UK Men's Basketball

Cal extends players-first philosophy to Combine

Hamidou Diallo, center, did not play a game at Kentucky, but he could be a first-round pick in the NBA Draft.
Hamidou Diallo, center, did not play a game at Kentucky, but he could be a first-round pick in the NBA Draft.

John Calipari applies his “players first” philosophy to the NBA Combine.

Upon arriving at the Combine on Thursday and immediately attracting media attention, Calipari advised participating players to think of their own interests first and foremost. One-for-all selflessness should be reserved for a later team setting.

“If there’s no reason to play, how do you help yourself?” Calipari said of the decision many players make not to participate in Combine games. “If you’re some of our guys, you’re not going to help yourself, so don’t play.”

Hamidou Diallo, who is not playing in the five-on-five games, fits this description.

No one said so directly, but the games might not be best for someone considered ultra athletic but needing to become more savvy as a basketball player.

“I’m not a draft expert, but I don’t think there’s anyone in the draft that is more athletic than Hamidou is,” said Andy Borman, who coached Diallo on the AAU level. “He’s the type of athlete that can put on spandex and track shoes and qualify for the Olympics.

“His athleticism trumps anyone I played with,” added Borman, who was a walk-on player at Duke from 2000 through 2004.

Tom Espinosa, who coached Diallo on the high school level, said much the same thing.

“Obviously, his strengths are when the game is up and down,” Espinosa said. “In the open court, Hami’s about the best player in the country. But he struggles more in the half court when the game slows up. He has to improve his jump shot.”

Calipari used a rhetorical question to say how he encouraged Diallo to participate in the Combine’s agility tests.

“Did I tell him to try to put your nose on the rim, and let them see it?” Calipari said. “Then stay away from all the other stuff.”

Subjective objectivity?

In explaining how he promotes his players, Calipari re-defined the concept of objectivity.

“I’m very objective,” he said, “but it’s all one way.”

His follow-up comment made it sound like Calipari can give decidedly subjective player assessments when talking to NBA people.

“I’ve had my friends hang up on me,” he said. “Like, stop! I’m done! Bye! I don’t want to hear that!”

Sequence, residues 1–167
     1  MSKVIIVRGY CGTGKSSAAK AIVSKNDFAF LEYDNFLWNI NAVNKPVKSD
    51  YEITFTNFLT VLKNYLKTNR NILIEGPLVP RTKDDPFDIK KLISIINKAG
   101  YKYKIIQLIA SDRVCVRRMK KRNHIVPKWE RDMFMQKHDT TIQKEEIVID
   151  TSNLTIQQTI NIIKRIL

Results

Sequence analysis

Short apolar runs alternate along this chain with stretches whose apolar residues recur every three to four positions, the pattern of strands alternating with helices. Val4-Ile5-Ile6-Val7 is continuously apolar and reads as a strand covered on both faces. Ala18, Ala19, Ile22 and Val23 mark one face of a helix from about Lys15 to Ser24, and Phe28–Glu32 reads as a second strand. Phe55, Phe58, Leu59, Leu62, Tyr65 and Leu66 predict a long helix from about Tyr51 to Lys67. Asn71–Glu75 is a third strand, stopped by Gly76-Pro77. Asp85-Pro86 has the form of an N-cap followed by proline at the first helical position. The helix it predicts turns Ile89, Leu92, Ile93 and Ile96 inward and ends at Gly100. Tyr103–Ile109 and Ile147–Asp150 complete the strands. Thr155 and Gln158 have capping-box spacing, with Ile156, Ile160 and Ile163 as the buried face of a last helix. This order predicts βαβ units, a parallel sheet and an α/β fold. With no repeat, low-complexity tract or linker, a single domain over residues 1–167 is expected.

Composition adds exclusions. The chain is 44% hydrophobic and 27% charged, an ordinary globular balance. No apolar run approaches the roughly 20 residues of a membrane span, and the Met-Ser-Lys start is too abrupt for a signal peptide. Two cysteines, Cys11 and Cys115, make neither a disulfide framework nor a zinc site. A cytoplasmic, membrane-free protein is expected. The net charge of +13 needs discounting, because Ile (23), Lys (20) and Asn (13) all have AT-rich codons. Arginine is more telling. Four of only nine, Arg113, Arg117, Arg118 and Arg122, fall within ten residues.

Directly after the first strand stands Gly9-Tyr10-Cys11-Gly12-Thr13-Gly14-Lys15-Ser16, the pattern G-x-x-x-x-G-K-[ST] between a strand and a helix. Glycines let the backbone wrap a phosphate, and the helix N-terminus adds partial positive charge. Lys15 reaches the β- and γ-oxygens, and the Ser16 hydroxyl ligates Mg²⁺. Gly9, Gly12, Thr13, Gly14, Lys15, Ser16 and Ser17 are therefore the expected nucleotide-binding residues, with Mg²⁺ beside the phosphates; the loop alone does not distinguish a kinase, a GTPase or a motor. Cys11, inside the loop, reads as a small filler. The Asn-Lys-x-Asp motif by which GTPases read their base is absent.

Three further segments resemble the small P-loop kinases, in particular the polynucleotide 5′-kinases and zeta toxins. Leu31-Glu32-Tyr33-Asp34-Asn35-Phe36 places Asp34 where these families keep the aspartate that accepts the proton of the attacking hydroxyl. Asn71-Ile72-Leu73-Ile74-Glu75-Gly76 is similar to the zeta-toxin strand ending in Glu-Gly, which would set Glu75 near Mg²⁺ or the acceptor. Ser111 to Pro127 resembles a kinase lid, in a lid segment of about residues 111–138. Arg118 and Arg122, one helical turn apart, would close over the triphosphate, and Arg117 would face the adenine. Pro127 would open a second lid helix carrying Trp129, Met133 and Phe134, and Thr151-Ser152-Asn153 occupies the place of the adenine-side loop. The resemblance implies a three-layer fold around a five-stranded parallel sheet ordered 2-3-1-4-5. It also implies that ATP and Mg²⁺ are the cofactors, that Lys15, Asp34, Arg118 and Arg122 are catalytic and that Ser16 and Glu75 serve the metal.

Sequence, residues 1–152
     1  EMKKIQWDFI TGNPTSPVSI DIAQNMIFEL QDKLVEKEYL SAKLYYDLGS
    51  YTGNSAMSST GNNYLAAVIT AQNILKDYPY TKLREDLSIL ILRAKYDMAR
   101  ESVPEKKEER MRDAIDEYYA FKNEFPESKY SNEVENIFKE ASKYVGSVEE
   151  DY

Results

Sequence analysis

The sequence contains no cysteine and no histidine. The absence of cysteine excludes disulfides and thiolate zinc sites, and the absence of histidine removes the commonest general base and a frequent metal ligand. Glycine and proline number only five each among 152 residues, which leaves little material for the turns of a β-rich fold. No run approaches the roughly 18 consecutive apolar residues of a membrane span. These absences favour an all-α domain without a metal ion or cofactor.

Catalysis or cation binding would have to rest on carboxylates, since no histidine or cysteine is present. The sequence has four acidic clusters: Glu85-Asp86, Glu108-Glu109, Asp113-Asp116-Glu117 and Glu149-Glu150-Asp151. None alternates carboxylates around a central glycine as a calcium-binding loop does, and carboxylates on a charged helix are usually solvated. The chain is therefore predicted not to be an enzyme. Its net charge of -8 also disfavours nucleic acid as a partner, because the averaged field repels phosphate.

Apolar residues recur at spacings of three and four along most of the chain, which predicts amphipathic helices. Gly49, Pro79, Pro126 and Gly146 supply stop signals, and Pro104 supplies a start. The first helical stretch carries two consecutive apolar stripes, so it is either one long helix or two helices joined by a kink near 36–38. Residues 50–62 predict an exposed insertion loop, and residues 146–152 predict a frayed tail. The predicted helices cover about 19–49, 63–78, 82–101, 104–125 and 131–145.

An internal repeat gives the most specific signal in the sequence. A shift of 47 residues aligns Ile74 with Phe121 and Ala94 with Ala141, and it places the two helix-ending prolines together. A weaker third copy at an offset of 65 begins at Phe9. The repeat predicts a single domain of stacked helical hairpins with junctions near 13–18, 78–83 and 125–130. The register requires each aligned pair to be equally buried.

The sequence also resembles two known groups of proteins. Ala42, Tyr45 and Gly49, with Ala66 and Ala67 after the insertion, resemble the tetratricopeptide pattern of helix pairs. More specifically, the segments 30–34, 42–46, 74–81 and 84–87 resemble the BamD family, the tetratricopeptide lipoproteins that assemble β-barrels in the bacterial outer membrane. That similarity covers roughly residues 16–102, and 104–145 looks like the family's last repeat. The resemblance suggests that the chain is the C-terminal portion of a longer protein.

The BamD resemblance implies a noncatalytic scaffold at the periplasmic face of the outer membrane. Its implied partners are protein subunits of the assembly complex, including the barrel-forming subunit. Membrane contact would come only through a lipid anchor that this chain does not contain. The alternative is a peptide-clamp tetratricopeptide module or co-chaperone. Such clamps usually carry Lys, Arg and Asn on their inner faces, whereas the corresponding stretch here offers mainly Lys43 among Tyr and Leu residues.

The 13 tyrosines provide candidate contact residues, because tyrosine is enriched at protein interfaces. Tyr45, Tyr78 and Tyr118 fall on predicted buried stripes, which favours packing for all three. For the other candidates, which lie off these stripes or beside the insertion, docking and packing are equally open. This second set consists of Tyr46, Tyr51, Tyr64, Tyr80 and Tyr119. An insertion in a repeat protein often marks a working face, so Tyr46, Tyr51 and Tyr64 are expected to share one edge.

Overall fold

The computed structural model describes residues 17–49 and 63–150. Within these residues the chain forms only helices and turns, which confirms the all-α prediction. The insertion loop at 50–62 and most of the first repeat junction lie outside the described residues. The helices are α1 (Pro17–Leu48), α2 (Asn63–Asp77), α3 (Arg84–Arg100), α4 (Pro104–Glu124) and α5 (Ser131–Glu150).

Lottery pick?

Of Bam Adebayo, Calipari said, “I’ll be stunned if he’s not a lottery pick.”

Calipari said he based this on Adebayo’s ability to defend any of basketball’s five positions and his ability to shoot from 17 feet in.

Meanwhile, updated its mock draft Thursday. It projected Adebayo being taken with the 29th pick of the first round. De’Aaron Fox was projected as the fifth pick, Malik Monk the seventh and Diallo the 37th.

Hamidou Diallo links exploring draft possibilities to the chance to take care of his family.

Less is more?

Calipari suggested that Hamidou Diallo is benefiting by a less-is-more approach to this NBA Draft process. Diallo has not played since high school games in December.

And NBA scouts who attended UK’s practices in the second half of last season probably were not focused on Diallo, Calipari said.

“The less they know, the more they (want Diallo),” Calipari said in explaing his advice not to play in five-on-five games at the Combine. “I said, just lay low. You’re going to be a lottery pick. (Shoot), you may go No. 1. Keep laying low.”

UK or NBA?

Diallo’s choices seem to be staying in the NBA Draft and trying to fulfill a long-held dream or play for Kentucky, one of college basketball’s dynasty programs.

“That’s like choosing between a blonde supermodel and a brunette supermodel,” Borman said. “Like, they’re both supermodels.”

Valuable three months?

If his UK “career” lasted only about three months, Diallo sounded like he will go away thinking it was time well spent.

“These last couple of months, I’ve been definitely working on my game,” he said. “I’ve become a different player than people have seen.”

Diallo said he’s gotten stronger, added eight pounds, learned to become more patient and become “just a different person in general.”

Borman memorably summed up what UK has done for Diallo. “I think the kid got more than three months out of three months,” the AAU coach said.

Stay or go

Tom Espinosa coached Diallo in high school. Here’s how he assessed the stay-or-go decision his former player faces.

“Test the waters, try to get some feedback, then head back to Kentucky in the fall, that’s always been the plan,” Espinosa said. “But, obviously, that all depends on the feedback.

“If he’s in the middle of the first round or better, he probably won’t go back, you know. But I know his plan has always been to test the waters and then go back to Kentucky.”

But what if late first round? “You never know,” Espinosa said. “My guess is I would say he’ll go to back to Kentucky. But who knows?”

‘Really scary’

With or without him, Diallo said that next season Kentucky will have “a really special team.”

Diallo said he was not surprised that Kevin Knox signed with UK.

“He really liked his visit,” Diallo said, “and I had a strong feeling deep inside that he was going to choose us.”

And if Mohamed Bamba signs with UK?

“If Mohamed Bamba comes to Kentucky, it’s going to be really scary for people to score,” Diallo said. “He’s definitely a great player. . . . Mohamed Bamba is probably one of the longest basketball players in the world.”

Jerry Tipton: 859-231-3227, @JerryTipton